The Java version of the OpenEye Toolkits is a JNI (Java Native Interface) wrapper created using SWIG. It is important to note that this is not a new version of the toolkits written in Java nor is it a Java interpretation of the toolkit API, but a rather faithful reproduction of the toolkit API in Java. As such there are some features that might not be as Java-like as a toolkit written entirely in Java, but most of these are minor issues and consistency with all the supported languages makes translation from one to another relatively easy and greatly enhances our ability to support all the language versions.

A few of these idiomatic differences include:

  • There are relatively few classes in OEChem and they have a rather shallow inheritance hierarchy.

  • Most OEChem algorithms are in C++ free functions. These are mapped to static methods in the class oechem.

  • Method names in most OEChem TK classes start with uppercase letters.

  • Java doesn’t support operator overloading, so C++ operators are mapped to methods. For example, operator bool() is mapped to a member function called IsValid(), operator() is mapped to call() and operator() const is mapped to constCall().

  • Java doesn’t support direct access to class attributes, so for some simple C++ classes and structs, direct access is mapped to a get/set pair of functions.

  • Calling close() is required for all objects that provide a close() method.

  • delete() should be explicitly called on all objects that come from the following toolkits:

    • Grid TK

    • Shape TK

    • Szybki TK

    • Zap TK

    The user should interact with these particular libraries from only a single Java thread. Failing to do so can lead to subtle race conditions.

  • There is a known bug concerning OpenEye constants that occurs when compiling against an older version of the OpenEye jar and running against a newer version of the OpenEye jar. Please make sure to run against java programs against the same version it was compiled with.

A Java version of the toolkits allows integration into Java desktop and server-side applications. However, the Java toolkits are not necessarily suited for applet programming since they require native code and platform- specific shared libraries. This can be achieved by building a multi-platform JAR as described in the final section, but this is considered for experts only.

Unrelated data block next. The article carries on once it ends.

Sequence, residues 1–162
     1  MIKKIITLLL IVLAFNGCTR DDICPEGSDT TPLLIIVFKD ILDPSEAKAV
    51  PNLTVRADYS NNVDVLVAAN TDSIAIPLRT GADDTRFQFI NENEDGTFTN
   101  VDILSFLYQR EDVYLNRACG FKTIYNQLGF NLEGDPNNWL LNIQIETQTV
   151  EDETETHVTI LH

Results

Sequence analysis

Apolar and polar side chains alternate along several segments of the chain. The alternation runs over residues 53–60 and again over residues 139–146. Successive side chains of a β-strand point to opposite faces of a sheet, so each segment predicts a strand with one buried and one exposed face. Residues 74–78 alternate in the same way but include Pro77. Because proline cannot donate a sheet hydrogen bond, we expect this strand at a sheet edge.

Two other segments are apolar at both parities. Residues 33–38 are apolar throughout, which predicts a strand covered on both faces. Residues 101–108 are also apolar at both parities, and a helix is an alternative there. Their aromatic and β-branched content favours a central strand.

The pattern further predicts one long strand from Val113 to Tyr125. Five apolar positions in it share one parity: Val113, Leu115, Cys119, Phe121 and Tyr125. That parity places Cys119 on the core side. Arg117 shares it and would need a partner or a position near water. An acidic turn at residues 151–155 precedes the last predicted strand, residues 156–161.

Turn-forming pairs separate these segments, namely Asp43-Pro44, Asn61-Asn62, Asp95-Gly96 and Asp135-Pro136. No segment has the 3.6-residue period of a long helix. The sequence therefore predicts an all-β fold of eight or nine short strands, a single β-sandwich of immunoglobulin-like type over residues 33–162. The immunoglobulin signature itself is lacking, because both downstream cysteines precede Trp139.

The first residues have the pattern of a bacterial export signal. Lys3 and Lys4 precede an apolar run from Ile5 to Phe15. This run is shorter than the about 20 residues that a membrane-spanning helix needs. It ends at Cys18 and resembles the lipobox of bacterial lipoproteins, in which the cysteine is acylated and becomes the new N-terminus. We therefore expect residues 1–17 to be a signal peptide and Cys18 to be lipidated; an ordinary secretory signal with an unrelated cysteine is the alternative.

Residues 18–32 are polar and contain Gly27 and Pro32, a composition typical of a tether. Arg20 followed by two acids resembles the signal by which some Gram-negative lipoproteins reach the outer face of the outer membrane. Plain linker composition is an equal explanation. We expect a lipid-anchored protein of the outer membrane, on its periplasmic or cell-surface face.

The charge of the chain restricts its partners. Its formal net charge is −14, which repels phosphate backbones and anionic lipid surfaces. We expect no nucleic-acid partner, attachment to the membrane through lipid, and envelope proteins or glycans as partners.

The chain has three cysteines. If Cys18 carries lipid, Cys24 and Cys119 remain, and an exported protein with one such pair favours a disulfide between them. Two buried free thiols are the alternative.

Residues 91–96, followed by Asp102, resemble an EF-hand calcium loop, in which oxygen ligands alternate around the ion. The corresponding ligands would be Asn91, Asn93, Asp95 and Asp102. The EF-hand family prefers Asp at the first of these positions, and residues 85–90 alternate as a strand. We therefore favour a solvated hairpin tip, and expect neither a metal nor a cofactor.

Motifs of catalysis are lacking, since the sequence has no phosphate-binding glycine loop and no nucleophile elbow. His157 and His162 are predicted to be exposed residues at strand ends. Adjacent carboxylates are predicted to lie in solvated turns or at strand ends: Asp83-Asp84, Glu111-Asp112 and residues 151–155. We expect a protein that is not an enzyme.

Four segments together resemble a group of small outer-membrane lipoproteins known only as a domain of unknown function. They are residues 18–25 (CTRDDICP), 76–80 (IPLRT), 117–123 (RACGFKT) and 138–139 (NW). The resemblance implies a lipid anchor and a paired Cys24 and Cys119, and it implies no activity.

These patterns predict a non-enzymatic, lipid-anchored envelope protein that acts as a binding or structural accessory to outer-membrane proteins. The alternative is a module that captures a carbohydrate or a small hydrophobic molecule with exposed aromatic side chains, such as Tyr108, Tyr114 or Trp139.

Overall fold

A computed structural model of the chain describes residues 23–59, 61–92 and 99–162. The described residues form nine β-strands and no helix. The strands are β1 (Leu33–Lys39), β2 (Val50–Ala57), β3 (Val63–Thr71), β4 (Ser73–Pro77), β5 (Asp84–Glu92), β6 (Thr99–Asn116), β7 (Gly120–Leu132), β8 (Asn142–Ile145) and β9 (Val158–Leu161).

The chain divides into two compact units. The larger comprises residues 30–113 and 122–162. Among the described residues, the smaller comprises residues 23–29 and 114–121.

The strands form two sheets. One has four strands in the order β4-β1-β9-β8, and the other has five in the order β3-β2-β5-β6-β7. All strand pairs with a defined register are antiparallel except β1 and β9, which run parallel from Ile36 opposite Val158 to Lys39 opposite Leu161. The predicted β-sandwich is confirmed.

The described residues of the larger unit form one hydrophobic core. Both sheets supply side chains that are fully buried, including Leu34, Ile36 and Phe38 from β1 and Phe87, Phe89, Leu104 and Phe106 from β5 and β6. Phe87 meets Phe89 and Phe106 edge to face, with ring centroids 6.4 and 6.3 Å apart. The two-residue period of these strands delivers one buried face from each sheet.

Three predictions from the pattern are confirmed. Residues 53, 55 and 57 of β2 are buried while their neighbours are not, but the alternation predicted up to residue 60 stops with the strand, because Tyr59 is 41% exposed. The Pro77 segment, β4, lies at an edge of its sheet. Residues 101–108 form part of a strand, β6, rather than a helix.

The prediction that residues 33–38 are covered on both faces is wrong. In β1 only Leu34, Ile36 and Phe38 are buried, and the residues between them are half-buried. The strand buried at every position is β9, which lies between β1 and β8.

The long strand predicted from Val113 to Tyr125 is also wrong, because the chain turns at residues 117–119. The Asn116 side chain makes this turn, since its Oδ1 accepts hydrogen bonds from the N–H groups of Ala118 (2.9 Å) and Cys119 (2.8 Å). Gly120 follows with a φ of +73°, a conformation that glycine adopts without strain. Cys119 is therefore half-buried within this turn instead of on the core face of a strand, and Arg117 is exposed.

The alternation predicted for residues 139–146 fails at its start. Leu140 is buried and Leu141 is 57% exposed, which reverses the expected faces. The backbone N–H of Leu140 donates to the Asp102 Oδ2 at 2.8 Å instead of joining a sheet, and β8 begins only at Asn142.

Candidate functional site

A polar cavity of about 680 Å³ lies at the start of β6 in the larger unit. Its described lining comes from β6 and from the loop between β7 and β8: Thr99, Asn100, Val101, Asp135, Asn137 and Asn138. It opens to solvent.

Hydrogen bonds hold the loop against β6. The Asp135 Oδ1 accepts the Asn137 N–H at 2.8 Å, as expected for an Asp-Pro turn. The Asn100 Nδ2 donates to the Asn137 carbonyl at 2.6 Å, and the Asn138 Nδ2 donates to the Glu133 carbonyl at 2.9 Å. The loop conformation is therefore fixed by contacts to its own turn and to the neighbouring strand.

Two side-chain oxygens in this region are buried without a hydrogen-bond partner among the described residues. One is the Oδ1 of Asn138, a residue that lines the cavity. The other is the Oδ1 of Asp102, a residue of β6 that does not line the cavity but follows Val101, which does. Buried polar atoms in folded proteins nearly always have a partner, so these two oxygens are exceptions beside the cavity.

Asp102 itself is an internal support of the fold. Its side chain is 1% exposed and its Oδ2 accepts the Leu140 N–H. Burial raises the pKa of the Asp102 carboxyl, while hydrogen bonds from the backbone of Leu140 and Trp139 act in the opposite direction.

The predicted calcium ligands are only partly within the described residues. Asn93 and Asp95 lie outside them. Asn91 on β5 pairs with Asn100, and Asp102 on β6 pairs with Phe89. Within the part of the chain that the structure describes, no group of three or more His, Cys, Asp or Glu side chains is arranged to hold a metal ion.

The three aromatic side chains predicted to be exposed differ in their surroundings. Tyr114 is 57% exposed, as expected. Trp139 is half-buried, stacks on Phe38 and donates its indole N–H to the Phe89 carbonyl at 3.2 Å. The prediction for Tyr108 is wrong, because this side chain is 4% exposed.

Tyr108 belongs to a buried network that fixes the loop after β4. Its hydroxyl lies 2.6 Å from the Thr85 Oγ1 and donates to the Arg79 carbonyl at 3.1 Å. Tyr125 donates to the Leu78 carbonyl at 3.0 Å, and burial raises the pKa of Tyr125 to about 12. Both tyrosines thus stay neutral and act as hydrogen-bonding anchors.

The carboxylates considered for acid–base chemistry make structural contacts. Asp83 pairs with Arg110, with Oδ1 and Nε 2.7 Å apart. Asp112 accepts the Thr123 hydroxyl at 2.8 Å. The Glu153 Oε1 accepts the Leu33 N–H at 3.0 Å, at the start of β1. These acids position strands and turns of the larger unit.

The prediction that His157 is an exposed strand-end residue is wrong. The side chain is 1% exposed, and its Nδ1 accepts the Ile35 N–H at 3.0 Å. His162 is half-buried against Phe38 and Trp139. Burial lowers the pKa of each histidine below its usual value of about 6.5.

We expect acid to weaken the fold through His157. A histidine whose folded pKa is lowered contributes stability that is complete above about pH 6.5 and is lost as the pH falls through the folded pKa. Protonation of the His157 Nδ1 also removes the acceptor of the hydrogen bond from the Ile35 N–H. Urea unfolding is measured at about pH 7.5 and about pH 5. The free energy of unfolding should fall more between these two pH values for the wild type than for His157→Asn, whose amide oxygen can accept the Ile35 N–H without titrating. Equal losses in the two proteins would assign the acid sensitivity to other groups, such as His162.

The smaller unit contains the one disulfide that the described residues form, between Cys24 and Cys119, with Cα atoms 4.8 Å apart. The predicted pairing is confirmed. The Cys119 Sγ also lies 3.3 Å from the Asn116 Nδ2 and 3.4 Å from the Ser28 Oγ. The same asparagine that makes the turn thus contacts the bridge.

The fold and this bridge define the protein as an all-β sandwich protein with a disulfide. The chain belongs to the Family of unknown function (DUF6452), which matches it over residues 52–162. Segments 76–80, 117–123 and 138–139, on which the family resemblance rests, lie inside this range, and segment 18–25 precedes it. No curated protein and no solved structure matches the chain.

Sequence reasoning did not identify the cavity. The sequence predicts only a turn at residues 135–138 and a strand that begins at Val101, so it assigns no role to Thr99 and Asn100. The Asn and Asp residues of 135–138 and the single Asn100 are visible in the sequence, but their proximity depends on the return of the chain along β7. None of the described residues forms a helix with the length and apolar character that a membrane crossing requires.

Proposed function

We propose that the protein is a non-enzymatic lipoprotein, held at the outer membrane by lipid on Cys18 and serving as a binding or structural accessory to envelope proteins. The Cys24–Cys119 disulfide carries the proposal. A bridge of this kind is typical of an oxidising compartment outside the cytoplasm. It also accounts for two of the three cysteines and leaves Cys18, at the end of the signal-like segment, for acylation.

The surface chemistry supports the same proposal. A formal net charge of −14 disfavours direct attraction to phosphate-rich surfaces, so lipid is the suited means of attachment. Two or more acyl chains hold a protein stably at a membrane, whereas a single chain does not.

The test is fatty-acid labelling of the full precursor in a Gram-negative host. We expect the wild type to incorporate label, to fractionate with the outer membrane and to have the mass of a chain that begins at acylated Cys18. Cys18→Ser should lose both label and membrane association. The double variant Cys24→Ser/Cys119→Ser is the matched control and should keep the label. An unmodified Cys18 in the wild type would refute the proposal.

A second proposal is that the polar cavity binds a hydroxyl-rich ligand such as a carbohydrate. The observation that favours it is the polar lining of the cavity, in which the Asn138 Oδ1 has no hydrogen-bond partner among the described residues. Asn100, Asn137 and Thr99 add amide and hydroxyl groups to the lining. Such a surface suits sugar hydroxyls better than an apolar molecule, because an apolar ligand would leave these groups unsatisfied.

In general, due to the wrapping of native code, using explicit obj.delete() calls on class instances obtained from any toolkit is highly recommended as it minimizes issues with early or delayed deletion activity by the Java garbage collector on OpenEye class instances.


In order to use the OpenEye Java toolkits, a compatible version of the Java SDK must be installed. For the most part, this means installing a version of OpenJDK8, OpenJDK11, or OpenJDK20 (on macOS arm64). See for your platform.

Linux installation also requires the zlib and libcairo libraries be available. These are usually available on Desktop Linux installations by default, but may not be available on Linux server installations.

Platform Support

OpenEye’s support of operating systems changes from the time to time, with older systems retired and newer ones validated. For the current set of supported platforms, see the current release notes.

Additional software requirements are spelled out in the following sections.



Support for OpenJDK8 and OpenJDK11 is available.


Java 8 x64 and Java 11 are supported with one single-build macOS package. Additionally, Java 20 arm64 is supported with a single macOS package. See the current release notes for the macOS versions supported.

GPU Prerequisites

Download the OpenEye Java distribution

Picking a distribution is relatively easy. For each platform (Windows, Linux, and macOS), we only have 1 download, a 64-bit version (x64).

Download from


Untar or unzip the distribution into a directory of your choice. This will create the following structure:



For Windows, the distribution should be unzipped to a directory with a short pathname, so the longest directory pathname in the tree can be specified in less than 260 characters. Otherwise, one may see errors when running the mentioned below due to the 260 character maximum path limit in Windows.


For Windows, please note that spaces in the path names to the distribution, ant or java may cause errors with building and running examples. Please install these items in a location that does not contain spaces in the path name.

All the examples are found in the examples directory. Use ant to compile the examples jar then you can run an OEChem example using:

For Linux/macOS:

cd OpenEye-Java-|pkgversion|-OSName-xArch/examples
java -cp ../lib/oejava-|pkgversion|-Linux-x64.jar:openeye.examples.jar openeye.examples.oechem.OEChemInfo

For Windows, note the use of semi-colon instead of a colon in the class path argument:

cd OpenEye-Java-|pkgversion|-OSName-xArch/examples
java -cp ../lib/oejava-|pkgversion|-Windows-x64.jar;openeye.examples.jar openeye.examples.oechem.OEChemInfo

The script can also be run to ensure a properly working distribution in the current environment. If there are problems with the distribution or environment the script will fail. To run

cd OpenEye-Java-|pkgversion|-OSName-xArch/verify


If an error similar to java.lang.OutOfMemoryError: Java heap space occurs, one can increase the heap size of the JVM using the ‘JAVAFLAGS’ environment variable. The ‘-Xmx’ option controls the size of Java heap used. For example, add export JAVAFLAGS=-Xmx4G in bash, and then rerun